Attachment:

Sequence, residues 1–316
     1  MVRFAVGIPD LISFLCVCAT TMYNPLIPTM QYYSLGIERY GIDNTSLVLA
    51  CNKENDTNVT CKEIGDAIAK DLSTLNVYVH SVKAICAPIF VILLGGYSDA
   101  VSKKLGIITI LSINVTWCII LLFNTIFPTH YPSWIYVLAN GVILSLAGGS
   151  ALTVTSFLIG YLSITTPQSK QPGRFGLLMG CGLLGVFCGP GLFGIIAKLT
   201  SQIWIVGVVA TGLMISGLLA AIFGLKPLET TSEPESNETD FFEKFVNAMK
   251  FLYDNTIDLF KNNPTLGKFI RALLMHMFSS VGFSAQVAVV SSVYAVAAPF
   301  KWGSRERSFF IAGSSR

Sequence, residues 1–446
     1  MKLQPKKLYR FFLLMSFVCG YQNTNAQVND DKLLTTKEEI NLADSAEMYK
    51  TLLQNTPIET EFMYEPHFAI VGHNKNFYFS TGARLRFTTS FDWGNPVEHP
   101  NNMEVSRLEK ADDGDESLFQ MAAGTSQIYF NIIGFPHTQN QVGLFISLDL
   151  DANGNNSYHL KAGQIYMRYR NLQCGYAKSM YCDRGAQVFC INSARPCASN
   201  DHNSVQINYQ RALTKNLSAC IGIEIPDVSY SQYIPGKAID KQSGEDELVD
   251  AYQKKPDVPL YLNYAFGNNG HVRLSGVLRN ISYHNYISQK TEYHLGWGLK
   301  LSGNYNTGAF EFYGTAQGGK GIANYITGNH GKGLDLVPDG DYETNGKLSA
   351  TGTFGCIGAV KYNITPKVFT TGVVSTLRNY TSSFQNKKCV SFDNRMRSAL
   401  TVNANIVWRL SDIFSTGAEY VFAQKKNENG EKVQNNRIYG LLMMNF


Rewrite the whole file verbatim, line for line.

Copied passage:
Sequence, residues 1–316
     1  MVRFAVGIPD LISFLCVCAT TMYNPLIPTM QYYSLGIERY GIDNTSLVLA
    51  CNKENDTNVT CKEIGDAIAK DLSTLNVYVH SVKAICAPIF VILLGGYSDA
   101  VSKKLGIITI LSINVTWCII LLFNTIFPTH YPSWIYVLAN GVILSLAGGS
   151  ALTVTSFLIG YLSITTPQSK QPGRFGLLMG CGLLGVFCGP GLFGIIAKLT
   201  SQIWIVGVVA TGLMISGLLA AIFGLKPLET TSEPESNETD FFEKFVNAMK
   251  FLYDNTIDLF KNNPTLGKFI RALLMHMFSS VGFSAQVAVV SSVYAVAAPF
   301  KWGSRERSFF IAGSSR

Sequence, residues 1–446
     1  MKLQPKKLYR FFLLMSFVCG YQNTNAQVND DKLLTTKEEI NLADSAEMYK
    51  TLLQNTPIET EFMYEPHFAI VGHNKNFYFS TGARLRFTTS FDWGNPVEHP
   101  NNMEVSRLEK ADDGDESLFQ MAAGTSQIYF NIIGFPHTQN QVGLFISLDL
   151  DANGNNSYHL KAGQIYMRYR NLQCGYAKSM YCDRGAQVFC INSARPCASN
   201  DHNSVQINYQ RALTKNLSAC IGIEIPDVSY SQYIPGKAID KQSGEDELVD
   251  AYQKKPDVPL YLNYAFGNNG HVRLSGVLRN ISYHNYISQK TEYHLGWGLK
   301  LSGNYNTGAF EFYGTAQGGK GIANYITGNH GKGLDLVPDG DYETNGKLSA
   351  TGTFGCIGAV KYNITPKVFT TGVVSTLRNY TSSFQNKKCV SFDNRMRSAL
   401  TVNANIVWRL SDIFSTGAEY VFAQKKNENG EKVQNNRIYG LLMMNF